The graduating class of 2018 represents thousands of women who will be entering the workforce ready to apply all the knowledge they have learned to the next phase of their lives. They will suddenly move from institutions who have acted in loco parentis – like parents – to institutions that take a more sink or swim approach. Many of these institutions will be male-dominated.
Women comprise more than 56 percent of American college students, according the U.S. Department of Education, and it estimates this trend will continue through 2026.
According to a recent study by LeanIn.org and MckKinsey & Co. men and women have very different experiences and perceptions of the workplace.
These gender-based differences are reflected in promotions, raises and the overall workplace environment.
A key finding of the report is that men far outpace women in management and executive positions. So, despite the strides women have made in succeeding in higher education, they continue to struggle once they move into the “real world.” The LeanIn.org and McKinsey & Co. study shows that white men outnumber all other groups in corporate fields from entry to corporate levels. This means that white women in this year’s graduating class will make up 31 percent of entry level job as compared to 36 percent of men, and women of color only 17 percent.
The classroom can and should be a great “laboratory” for simulating workplace dynamics while empowering women.
For those women who enroll in college, they share spaces, and have conversations with men in ways they may not have the opportunity to in the workplace. Having more women in the classroom empowers them to have such conversations with a level of freedom and engagement than they might not otherwise be able to in spaces where they were the minority. From courses in journalism to advertising to public relations, these women are able to bounce ideas off each other in ways that are open and supportive. While this is great for women in higher education, it belies the reality of what many experience in the workplace.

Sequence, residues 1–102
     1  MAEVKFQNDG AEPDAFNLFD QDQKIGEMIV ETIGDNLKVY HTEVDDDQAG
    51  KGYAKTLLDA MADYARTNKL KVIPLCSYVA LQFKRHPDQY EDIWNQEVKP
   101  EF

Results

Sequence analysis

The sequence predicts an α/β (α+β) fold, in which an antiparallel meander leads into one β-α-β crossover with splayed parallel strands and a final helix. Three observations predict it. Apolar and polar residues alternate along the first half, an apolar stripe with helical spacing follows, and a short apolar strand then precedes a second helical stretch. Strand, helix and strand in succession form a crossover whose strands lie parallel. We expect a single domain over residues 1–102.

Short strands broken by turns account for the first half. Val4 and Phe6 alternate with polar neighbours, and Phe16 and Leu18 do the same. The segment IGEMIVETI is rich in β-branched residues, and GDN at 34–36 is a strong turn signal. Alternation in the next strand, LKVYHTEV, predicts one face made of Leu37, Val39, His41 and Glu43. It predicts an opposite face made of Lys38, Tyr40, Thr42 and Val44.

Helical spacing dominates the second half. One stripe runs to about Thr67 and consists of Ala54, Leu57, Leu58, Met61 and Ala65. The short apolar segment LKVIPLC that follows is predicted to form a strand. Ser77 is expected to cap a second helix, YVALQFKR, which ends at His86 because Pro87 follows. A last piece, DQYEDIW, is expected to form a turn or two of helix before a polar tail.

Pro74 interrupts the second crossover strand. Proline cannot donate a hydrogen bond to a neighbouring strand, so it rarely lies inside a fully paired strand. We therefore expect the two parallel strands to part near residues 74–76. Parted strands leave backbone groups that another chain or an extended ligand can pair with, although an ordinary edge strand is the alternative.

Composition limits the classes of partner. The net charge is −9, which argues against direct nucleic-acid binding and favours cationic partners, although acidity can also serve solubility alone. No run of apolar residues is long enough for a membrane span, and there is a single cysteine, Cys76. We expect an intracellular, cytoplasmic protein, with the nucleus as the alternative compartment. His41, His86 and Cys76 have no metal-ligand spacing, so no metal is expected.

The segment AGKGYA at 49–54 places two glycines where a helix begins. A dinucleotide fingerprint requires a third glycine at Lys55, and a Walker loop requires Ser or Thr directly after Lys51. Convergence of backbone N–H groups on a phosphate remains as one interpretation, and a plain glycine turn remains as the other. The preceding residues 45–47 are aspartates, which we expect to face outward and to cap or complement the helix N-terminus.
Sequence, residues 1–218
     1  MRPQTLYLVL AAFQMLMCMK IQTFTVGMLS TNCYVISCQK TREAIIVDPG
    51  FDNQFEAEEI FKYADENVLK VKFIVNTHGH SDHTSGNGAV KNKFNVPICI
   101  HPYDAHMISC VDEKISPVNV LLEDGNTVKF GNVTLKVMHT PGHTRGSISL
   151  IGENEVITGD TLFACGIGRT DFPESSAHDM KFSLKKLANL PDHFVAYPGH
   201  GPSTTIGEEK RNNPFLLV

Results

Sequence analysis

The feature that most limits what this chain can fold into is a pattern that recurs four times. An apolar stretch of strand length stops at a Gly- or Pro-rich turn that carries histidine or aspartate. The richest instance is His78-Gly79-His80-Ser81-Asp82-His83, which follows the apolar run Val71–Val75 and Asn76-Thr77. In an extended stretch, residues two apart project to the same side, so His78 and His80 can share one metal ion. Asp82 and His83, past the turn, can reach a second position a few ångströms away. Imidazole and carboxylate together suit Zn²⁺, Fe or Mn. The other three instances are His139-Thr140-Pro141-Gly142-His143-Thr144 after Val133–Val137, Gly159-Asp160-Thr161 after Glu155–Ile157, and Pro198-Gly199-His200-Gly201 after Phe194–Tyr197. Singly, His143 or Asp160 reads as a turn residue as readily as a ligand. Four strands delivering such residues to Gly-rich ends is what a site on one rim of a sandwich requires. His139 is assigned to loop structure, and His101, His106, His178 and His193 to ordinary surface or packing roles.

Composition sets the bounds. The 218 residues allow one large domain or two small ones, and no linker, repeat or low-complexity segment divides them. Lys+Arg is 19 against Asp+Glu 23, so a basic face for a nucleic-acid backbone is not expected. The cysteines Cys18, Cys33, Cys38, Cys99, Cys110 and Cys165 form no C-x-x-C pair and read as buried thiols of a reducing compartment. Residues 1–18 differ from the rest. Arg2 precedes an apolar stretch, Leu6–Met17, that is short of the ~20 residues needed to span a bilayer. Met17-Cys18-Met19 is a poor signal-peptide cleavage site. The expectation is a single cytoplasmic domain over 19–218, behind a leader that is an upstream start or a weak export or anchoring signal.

But when women graduate from their universities they will be entering workplaces whose missions have little interest in advancing equality or social justice, where they will be the minority, and too often, where their voices may be suppressed. The realities of doing day-to-day work, coupled with management systems that are in direct contrast to the concept of in loco parentis may make for a rude awakening for these women.
Higher education must prepare women for these more challenging environments.
One way they already try to do this is by requiring internships for some majors. Frankly, this should be mandatory for all majors. Internships should be treated as case studies for students on how to manage lessons that can’t be taught in the classroom. Post-secondary institutions can also employ more full-time instructors, or adjuncts, who are working professionals, and encourage them to teach not just about the skills their profession requires, but how to manage the politics of working in their industry.
Another area college can help women flourish in the workplace is to teach them about their legal rights, and train them on how navigate contracts before they sign on the dotted line. My program has recently held workshops on workplace harassment and it was well-received by students so much so that they asked for more of this type of programming. Content like this can be a natural fit for career service departments to help prepare all students for on-the-job challenges.
So long as higher education finds itself sending women into fields that suffer from gender inequities they must balance their role of “parent” and educator with the realities of inequities they will face in the workplace.
Jessica Brown is a Senior Professional in Residence in the School of Communication at Loyola University Chicago, and a Public Voices fellow with the OpEd Project.